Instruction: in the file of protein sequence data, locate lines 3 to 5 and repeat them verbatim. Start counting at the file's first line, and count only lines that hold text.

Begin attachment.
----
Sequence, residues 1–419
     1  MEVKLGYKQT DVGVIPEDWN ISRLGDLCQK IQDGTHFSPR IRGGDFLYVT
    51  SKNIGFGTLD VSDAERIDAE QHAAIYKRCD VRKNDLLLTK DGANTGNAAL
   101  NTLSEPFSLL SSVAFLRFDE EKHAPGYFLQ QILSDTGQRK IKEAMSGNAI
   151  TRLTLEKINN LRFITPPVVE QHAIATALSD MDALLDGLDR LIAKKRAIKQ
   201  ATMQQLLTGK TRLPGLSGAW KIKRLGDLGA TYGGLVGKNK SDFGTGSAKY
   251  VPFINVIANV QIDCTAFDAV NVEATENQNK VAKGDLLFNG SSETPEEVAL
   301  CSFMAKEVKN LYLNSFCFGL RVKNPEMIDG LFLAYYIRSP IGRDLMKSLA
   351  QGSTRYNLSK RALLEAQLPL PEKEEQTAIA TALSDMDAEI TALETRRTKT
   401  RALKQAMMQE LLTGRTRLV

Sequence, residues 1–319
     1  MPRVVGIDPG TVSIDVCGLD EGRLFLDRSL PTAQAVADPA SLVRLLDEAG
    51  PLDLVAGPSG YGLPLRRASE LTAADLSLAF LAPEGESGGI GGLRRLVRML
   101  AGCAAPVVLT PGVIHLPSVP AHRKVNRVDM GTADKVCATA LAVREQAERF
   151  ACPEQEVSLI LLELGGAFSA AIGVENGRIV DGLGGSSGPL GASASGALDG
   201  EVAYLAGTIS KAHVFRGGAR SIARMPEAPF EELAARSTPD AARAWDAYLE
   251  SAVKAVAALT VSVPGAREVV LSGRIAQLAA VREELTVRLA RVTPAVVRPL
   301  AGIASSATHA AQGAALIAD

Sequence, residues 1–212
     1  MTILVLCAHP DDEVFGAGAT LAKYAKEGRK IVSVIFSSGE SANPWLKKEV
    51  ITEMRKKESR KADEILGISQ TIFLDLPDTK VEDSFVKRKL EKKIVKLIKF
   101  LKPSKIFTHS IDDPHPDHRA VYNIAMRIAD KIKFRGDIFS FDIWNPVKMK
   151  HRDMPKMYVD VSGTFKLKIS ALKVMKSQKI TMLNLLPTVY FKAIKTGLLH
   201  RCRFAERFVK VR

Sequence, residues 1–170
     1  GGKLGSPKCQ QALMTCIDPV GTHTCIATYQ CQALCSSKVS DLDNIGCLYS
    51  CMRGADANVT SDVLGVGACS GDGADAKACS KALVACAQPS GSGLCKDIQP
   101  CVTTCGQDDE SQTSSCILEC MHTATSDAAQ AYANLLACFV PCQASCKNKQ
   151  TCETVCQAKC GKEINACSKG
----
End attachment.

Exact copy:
    51  SKNIGFGTLD VSDAERIDAE QHAAIYKRCD VRKNDLLLTK DGANTGNAAL
   101  NTLSEPFSLL SSVAFLRFDE EKHAPGYFLQ QILSDTGQRK IKEAMSGNAI
   151  TRLTLEKINN LRFITPPVVE QHAIATALSD MDALLDGLDR LIAKKRAIKQ